Job Family: Intelligence Intelligence Specialists
Services Offering this Occupation
Army  | Navy  | Air Force  | Marine Corps  | Coast Guard  | National Guard

Supplemental Information
Profile  | 
Photo 1: Specialist operates surveillance plane. Photo 2:
Specialist reviews intelligence data.

Melinda Taylor
Occupation: Intelligence Specialist

By the time I seriously began to consider a military career, I had already worked several jobs and had also earned two associates degrees in …

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Short Description
Military intelligence is information needed to plan for our national defense. Knowledge of the number, location, and tactics of enemy forces and potential battle areas is needed to develop military plans. To gather information, the services rely on aerial photographs, electronic monitoring using radar, satellites and sensitive radios, and human observation. Intelligence specialists gather and study the information required to design defense plans and tactics.

What They Do
Intelligence specialists in the military perform some or all of the following duties:
  • Perform military action involving the use of electromagnetic energy to determine, exploit, reduce, or prevent hostile use of the electromagnetic spectrum
  • Study foreign troop movements
  • Operate sensitive radios to intercept foreign military communications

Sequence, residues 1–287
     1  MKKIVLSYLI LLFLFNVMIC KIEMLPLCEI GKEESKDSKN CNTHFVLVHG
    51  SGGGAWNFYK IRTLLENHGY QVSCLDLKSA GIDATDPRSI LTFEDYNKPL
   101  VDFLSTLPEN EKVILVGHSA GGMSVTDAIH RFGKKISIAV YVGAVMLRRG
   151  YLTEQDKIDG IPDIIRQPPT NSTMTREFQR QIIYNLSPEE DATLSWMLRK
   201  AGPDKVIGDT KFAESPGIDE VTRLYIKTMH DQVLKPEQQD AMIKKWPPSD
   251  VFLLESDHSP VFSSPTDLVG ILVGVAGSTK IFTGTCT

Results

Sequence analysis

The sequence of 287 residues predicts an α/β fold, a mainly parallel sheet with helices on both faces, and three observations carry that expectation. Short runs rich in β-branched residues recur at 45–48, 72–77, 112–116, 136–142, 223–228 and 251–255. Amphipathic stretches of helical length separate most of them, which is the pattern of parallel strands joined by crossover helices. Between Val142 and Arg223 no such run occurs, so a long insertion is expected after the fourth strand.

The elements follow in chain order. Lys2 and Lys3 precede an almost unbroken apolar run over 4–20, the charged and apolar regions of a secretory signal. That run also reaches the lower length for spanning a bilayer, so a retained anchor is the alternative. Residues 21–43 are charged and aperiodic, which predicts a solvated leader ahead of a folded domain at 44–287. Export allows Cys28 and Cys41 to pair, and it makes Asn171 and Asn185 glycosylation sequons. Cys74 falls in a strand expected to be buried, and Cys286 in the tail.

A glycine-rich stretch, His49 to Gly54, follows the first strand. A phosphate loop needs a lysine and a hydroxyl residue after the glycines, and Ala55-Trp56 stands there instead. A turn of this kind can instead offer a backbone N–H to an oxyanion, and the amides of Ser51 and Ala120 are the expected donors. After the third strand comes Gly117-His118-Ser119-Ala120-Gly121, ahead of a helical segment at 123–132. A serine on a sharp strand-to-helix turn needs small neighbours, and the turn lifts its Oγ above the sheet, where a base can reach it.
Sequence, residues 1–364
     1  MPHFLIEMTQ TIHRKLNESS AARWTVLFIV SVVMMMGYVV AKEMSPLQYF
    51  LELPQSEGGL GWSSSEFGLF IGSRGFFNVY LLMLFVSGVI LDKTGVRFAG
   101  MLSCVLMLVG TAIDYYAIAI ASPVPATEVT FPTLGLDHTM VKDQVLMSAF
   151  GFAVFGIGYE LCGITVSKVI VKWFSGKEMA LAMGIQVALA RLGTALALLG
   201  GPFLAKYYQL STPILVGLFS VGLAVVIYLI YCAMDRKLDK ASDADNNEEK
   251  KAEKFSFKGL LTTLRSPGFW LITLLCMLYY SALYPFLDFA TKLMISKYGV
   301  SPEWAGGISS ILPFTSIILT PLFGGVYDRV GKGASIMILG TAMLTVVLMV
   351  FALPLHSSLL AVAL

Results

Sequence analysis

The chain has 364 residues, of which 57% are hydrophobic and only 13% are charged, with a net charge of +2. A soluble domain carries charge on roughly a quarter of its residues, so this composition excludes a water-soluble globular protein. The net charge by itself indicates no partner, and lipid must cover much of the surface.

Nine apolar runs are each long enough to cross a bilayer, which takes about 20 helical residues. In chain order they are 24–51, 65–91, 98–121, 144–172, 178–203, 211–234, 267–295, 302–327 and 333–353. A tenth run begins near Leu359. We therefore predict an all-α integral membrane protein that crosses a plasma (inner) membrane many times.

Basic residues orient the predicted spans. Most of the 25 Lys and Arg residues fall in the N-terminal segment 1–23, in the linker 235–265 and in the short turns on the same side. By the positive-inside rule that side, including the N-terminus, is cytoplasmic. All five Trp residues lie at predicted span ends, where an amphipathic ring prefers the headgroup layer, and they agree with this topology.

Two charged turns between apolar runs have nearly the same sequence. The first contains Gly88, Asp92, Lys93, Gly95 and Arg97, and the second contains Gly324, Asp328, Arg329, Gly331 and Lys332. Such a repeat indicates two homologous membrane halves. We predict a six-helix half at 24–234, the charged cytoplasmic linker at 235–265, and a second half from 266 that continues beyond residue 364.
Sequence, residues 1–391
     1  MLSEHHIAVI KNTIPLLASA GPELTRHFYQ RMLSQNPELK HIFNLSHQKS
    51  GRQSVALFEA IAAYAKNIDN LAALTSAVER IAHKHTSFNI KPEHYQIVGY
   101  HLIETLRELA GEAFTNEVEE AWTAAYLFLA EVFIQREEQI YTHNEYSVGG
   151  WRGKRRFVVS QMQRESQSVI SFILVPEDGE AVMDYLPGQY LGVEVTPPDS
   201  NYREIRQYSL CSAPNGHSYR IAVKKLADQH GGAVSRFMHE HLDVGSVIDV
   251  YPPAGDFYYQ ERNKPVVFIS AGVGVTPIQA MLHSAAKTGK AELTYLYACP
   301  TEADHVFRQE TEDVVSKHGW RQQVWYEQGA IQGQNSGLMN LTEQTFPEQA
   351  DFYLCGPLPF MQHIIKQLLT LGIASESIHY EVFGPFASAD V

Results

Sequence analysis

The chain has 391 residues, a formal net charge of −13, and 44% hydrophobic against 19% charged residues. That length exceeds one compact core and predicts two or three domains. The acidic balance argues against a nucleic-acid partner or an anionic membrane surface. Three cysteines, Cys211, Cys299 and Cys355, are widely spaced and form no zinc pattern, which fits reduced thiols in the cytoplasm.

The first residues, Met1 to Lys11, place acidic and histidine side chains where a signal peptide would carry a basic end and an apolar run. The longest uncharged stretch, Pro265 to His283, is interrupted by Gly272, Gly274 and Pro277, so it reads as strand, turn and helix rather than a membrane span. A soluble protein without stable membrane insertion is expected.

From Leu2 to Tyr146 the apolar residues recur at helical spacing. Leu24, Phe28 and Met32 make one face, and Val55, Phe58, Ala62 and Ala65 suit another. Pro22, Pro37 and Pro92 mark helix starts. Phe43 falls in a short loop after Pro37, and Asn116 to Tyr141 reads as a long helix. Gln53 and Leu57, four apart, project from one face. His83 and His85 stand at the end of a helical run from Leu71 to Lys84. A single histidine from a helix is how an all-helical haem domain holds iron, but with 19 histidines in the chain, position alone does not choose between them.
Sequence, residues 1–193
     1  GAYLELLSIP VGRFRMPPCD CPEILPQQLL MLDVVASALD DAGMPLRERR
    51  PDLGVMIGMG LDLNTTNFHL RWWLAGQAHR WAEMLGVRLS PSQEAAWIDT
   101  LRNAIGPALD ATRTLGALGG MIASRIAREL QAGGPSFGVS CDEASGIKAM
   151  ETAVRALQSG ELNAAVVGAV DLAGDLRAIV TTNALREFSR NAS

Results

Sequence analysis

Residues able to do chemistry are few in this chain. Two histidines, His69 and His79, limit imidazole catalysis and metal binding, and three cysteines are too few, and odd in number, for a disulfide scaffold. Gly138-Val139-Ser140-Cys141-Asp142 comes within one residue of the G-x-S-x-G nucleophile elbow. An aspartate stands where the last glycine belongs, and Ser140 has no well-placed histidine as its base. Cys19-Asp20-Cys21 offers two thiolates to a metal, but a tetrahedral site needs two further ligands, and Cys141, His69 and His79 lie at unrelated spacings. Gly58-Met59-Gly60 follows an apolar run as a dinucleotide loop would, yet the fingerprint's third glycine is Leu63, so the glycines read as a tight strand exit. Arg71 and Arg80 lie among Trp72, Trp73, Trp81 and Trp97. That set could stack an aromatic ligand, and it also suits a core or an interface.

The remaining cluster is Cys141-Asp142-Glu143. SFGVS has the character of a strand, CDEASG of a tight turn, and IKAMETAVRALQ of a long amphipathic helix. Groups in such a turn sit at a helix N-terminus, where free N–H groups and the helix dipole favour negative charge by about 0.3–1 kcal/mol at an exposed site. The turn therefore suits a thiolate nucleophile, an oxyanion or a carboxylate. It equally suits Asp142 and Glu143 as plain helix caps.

• Exploit imagery and geospatial data from satellite and airborne systems in support of military operations
  • Participate in detecting, locating, tracking, and analyzing on ground targets, rotary wing, and slow moving fixed wing aircraft
  • Conduct Information Operations using foreign language skills and advanced computer systems
  • Prepare intelligence reports, maps, and charts
  • Install, operate, and conduct preventive maintenance of associated equipment and facilities.
  • Conduct investigations to detect, identify, assess, counter, exploit and neutralize threats to national security
  • Collect human intelligence (HUMINT) by interviewing, interrogating, or otherwise interacting directly with human sources of information
  • Transcribe, translate, and interpret foreign language materials and provide cultural and regional guidance

Helpful Attributes
Helpful school subjects include algebra, geometry, trigonometry, and geography. Helpful attributes include:
  • Ability to organize information
  • Ability to think and write clearly
  • Interest in gathering information and studying its meaning
  • Interest in reading foreign cultures
  • Interest in computers

Training Provided
Job training consists of classroom instruction, including practice in intelligence gathering. Training length varies depending on specialty. Further training occurs on the job and through advanced courses. Course content typically includes:
  • Planning imagery and geospatial data from satellite and airborne systems
  • Preparing intelligence reports, maps, and charts
  • Analyzing aerial, satellite, and radar imagery
  • Using computer systems
  • Foreign language training

Work Environment
Intelligence specialists work in offices on land and aboard ships, and in tents when in the field.

Civilian Counterparts
Civilian intelligence specialists generally work for federal government agencies such as the Central Intelligence Agency or the National Security Agency. Their duties are similar to those performed by military intelligence specialists. The analytical skills of intelligence specialists are also useful in other fields, such as research or business planning.

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